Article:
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The main justified expectation of the UN climate conference in Doha was the amendment to the Kyoto Protocol that extended its time period. Continuing to keep the intrigue, Russia did not quit the Protocol, but will participate without obligation. According to the presidential adviser Alexander Bedritsky, the value of this participation is in "the system of annual reporting on emissions" ...

The UN Secretary General Ban Ki-moon said at the Climate Forum in Doha that he will bring together world leaders in advance for negotiating the agreement of 2015, because he is afraid of a repetition of Copenhagen. What should be the climate process in the future and what place may Russia take in it?

Several analytical agencies included Russia in the list of countries consistently claiming for leadership in greenhouse gas emissions. According to representatives of environmental organisations, Russia risks becoming an outsider, if it remains the country of raw materials.

On Saturday, December 8, the Doha round of climate negotiations finally came to an end. COP18 approved Kyoto-2, but failed to provide any significant emissions cuts. Russia remains with a huge but useless amount of hot air.

On December 6 in his official COP18 speech Mr. Bedritsky, Head of the Russian delegation, confirmed the country’s intention to commit to an “up to 25%” emissions reduction from the 1990 level by 2020. This may imply both constraining the emissions to 75% of the 1990 level by 2020 and rather unrestricted emissions growth. The carry-over of 6 billion tons of Russian AAUs to the period of time until 2020, the hot air, must not substitute actual implementation of renewable energy, say NGOs.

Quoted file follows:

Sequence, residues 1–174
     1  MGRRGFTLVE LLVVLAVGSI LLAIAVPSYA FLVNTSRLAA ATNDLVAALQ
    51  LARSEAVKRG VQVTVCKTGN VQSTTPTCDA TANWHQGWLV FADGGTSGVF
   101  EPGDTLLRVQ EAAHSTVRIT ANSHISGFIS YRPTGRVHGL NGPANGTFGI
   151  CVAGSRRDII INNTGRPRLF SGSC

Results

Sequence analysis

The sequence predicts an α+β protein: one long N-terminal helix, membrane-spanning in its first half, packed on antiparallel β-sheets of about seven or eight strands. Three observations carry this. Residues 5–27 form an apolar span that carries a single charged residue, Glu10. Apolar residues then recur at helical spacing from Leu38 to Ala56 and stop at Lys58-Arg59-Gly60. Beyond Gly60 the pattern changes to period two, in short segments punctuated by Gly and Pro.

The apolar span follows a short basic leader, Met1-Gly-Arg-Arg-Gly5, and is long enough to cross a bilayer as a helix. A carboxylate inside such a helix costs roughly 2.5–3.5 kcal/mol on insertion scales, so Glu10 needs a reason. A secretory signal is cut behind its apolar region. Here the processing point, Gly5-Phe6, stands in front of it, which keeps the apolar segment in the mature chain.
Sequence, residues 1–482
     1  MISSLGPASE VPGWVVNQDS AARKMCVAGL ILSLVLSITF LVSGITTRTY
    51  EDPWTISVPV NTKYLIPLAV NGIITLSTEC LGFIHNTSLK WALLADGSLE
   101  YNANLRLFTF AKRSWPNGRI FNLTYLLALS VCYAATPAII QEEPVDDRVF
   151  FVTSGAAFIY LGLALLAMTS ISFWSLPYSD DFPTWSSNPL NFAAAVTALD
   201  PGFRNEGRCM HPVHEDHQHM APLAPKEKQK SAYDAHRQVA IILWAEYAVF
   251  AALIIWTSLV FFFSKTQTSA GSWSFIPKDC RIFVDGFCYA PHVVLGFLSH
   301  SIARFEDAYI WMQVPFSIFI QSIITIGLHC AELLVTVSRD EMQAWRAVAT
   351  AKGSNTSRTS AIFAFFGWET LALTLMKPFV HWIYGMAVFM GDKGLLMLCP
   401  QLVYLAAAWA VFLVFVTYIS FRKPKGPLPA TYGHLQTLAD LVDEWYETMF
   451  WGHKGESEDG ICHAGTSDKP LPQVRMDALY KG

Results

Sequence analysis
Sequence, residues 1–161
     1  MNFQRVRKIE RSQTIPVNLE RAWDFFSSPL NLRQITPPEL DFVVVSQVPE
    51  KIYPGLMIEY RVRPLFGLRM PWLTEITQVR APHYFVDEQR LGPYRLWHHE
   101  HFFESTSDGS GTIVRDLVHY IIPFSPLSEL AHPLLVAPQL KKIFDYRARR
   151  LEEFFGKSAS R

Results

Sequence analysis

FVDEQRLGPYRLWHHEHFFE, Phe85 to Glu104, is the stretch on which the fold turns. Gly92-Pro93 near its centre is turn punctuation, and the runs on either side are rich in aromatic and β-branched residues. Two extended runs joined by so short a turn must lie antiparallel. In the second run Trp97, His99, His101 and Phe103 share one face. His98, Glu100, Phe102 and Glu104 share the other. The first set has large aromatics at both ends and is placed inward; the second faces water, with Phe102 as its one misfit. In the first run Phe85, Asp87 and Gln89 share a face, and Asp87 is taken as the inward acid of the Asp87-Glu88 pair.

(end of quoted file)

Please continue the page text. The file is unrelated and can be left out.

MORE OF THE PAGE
Climate Change Performance Index was presented 3rd of December in Doha by Germanwatch and Climate Action Network-Europe. According to this Index Russian Federation is on the 56th place among 58 biggest emitters worldwide. The latest information about Russia's intention to declare the goal of 15-25% emissions reduction by 2020 indicates low ambitions, and partly explains the fact that our country is at the end of the rating.

On December the 4th during the COP18 taking place in Doha, Qatar, NGOs held a series of actions, asking the governments to solve the issue of a gigantic surplus of Kyoto emission permits (AAUs). At the moment the volume of this so-called hot air is about 13 gigatons. Russia is held accountable for around 5 of them, and it has not even announced its emissions reduction targets.

There is a vast surplus of units in Kyoto's cap-and-trade system. Russia and Ukraine spoke in favor of the carry-over of AAUs to the second commitment period of Kyoto Protocol (KP2) and beyond. If no solution for the carry-over of this surplus from commitment period to commitment period is found, countries that have put forward a target for KP2 may be under no pressure to deviate from business-as-usual emissions.

The first three days of the Conference of Parties to the UN Framework Convention on Climate Change in Doha (COP18) have not resulted in any significant decisions so far, as predicted. Russia is practically not ready to take part in the second commitment period of the Kyoto Protocol. This will result both in lost opportunities for joint implementation projects and a reduced input of the country to climate mitigation. KP is losing participants, but gaining new ones –Australia announced the willing to join.

November 26: the 18th annual meeting of the parties under the UN convention on climate change opens in Doha, Qatar. Over 17000 delegates and 1500 media representatives from 195 countries are expected to take part. Russian NGOs are looking forward to decisive steps by the Russian official delegation towards joining the second commitment period of the Kyoto Protocol, voicing out significant commitments to reduce its emissions as well as suggestions as to the Green Investment scheme development.